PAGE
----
We were shocked and saddened this week to learn of the cancellation of the National Archival Development Program. This is in addition to a major round of cuts at Library and Archives Canada, which was the funding source of the program.

The funding is used by the Archives Association of British Columbia, as it is in other provinces and territories by their respective archival organizations, to maintain our provincial database of archival holdings, MemoryBC,  and to employ a professional archivist and a professional conservator to provide advice to archival institutions and archivists when needed.  It also provides professional development opportunities for archivists, so that we can continue to learn to serve our patrons and our collections better. UBC Rare Books and Special Collections has very frequently taken advantage of these opportunities; for example, this program was used to help develop a preservation plan for the Chung Collection, a declared national treasure and one of our most frequently used collections.

This same pot of funds was used to maintain the national archival database, Archives Canada. This database brings together archival descriptions from institutions across Canada. There is no other “one stop shop” for searching archives across the country, making this and provincial/territorial equivalents like MemoryBC absolutely crucial research tools for everybody who uses archives.   In our reference and teaching activities here at RBSC, we are constantly referring researchers to these resources.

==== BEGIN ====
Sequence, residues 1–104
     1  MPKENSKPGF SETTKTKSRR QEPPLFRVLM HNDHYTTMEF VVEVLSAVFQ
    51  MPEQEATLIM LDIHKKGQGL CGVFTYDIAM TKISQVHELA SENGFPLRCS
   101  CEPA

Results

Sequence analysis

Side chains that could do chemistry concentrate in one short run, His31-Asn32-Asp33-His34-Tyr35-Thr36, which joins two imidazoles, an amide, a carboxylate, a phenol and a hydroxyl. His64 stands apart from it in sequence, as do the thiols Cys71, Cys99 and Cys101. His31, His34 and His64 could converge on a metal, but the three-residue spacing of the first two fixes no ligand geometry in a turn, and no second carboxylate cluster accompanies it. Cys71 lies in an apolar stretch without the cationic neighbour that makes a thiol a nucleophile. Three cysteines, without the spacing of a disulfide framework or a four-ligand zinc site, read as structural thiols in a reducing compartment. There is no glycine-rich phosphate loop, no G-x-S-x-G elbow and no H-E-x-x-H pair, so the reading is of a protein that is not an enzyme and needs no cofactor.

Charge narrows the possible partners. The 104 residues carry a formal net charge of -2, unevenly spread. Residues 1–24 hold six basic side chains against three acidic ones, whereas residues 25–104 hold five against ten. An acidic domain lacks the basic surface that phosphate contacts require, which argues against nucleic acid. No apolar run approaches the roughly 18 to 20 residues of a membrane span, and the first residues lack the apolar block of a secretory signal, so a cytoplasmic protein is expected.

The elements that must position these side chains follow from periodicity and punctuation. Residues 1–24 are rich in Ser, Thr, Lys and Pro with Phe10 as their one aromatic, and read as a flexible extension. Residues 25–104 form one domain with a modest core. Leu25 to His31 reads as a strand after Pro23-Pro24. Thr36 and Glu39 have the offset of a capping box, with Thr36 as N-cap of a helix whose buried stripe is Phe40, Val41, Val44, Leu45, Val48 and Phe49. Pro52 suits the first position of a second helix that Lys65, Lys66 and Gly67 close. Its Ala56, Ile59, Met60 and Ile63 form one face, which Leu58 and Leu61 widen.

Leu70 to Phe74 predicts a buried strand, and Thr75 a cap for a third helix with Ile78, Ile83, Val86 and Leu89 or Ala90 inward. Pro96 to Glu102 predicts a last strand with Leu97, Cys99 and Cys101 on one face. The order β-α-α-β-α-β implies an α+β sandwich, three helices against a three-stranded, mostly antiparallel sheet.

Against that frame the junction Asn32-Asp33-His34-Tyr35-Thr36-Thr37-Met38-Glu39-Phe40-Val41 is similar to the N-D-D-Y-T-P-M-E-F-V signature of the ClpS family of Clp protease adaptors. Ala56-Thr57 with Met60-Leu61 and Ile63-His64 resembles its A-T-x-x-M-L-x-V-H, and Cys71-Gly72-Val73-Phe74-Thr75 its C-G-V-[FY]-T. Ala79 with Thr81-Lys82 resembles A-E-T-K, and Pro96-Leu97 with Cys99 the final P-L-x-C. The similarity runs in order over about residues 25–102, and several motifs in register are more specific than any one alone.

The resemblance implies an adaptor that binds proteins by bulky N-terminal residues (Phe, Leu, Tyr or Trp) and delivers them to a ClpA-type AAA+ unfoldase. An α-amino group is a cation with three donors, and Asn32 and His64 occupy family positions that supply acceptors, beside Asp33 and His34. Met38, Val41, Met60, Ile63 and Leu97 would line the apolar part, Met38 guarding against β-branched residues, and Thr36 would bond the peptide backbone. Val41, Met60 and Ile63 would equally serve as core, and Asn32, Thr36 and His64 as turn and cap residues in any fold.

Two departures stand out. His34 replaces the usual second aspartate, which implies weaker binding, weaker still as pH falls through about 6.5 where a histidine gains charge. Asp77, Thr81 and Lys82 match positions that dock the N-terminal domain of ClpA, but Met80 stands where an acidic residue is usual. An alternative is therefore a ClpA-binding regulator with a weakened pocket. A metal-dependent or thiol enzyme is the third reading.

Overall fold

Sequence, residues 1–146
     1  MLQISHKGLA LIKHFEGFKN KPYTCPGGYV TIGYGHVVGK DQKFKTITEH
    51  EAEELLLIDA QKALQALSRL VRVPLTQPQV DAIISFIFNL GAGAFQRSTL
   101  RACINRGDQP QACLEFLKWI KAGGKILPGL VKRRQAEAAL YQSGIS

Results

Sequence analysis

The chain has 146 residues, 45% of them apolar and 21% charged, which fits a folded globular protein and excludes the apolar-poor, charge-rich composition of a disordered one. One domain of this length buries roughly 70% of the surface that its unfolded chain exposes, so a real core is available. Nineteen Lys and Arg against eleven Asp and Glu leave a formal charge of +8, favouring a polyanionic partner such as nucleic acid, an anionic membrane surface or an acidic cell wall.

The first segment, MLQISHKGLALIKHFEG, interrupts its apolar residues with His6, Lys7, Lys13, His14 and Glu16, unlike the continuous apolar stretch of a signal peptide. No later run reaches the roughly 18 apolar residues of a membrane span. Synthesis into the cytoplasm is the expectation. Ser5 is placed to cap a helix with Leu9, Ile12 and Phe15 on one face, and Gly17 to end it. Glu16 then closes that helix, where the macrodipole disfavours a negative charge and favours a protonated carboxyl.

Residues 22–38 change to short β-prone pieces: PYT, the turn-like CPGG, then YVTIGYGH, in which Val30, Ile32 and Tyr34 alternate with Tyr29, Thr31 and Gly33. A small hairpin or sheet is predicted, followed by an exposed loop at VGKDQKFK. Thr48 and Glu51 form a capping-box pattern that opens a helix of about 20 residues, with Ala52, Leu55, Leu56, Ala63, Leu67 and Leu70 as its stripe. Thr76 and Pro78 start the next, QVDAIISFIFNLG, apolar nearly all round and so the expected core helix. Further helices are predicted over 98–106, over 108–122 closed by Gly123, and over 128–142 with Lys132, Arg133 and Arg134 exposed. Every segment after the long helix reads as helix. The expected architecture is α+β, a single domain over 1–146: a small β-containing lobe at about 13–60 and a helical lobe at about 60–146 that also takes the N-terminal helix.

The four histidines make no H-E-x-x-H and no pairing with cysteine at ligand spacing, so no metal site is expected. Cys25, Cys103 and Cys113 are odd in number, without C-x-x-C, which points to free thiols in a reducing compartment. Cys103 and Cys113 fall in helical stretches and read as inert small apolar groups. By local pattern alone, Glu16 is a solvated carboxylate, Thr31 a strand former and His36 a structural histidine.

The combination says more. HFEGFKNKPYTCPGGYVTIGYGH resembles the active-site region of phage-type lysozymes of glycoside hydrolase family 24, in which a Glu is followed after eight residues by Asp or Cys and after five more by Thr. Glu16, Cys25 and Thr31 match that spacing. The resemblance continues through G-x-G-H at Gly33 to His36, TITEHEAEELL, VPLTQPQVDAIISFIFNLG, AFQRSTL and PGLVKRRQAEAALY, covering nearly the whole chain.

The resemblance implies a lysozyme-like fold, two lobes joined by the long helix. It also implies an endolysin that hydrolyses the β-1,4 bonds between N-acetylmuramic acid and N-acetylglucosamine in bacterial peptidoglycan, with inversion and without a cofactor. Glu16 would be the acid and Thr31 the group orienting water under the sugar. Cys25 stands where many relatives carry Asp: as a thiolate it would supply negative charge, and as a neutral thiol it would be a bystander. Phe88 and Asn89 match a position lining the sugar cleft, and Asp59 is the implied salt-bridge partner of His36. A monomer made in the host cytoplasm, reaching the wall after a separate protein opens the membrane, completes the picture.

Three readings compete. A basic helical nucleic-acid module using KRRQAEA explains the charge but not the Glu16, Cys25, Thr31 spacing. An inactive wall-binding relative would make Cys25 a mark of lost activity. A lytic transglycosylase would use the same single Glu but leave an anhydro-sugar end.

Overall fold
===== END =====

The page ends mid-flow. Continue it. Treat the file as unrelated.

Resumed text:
Images of Jack Shadbolt mural, preserved and catalogued using NADP funds

Images of Jack Shadbolt mural, preserved and catalogued using NADP funds

The other arm of this funding was used to provide matching grants to archival institutions to preserve, catalogue and disseminate our archival collections. In recent years, this funding was used by Rare Books and Special Collections to catalogue and make available the Mike Apsey fonds, the Council of Forest Industries fonds, and the  Red Cedar Shingle and Handsplit Shake Bureau fonds (all in our recently created Forest History research guide); the Jack and Doris Shadbolt fonds (featured in our British Columbian Art and Artists research guide); and the Rosemary Brown fonds (the archives of the first black female member of a Canadian parliamentary body). Just from these examples, it is easy to see that this funding is crucial in helping the Canadian public gain access to records ranging from industry, to politics, to the environment, to the arts.

Advertisement from the Red Cedar and Handsplit Shake Bureau fonds, preserved and catalogued using NADP funds

Advertisement from the Red Cedar and Handsplit Shake Bureau fonds, preserved and catalogued using NADP funds

The National Archival Development Program was administered by the Canadian Council of Archives.  If you would like to learn more, there is a Call to Action on their website.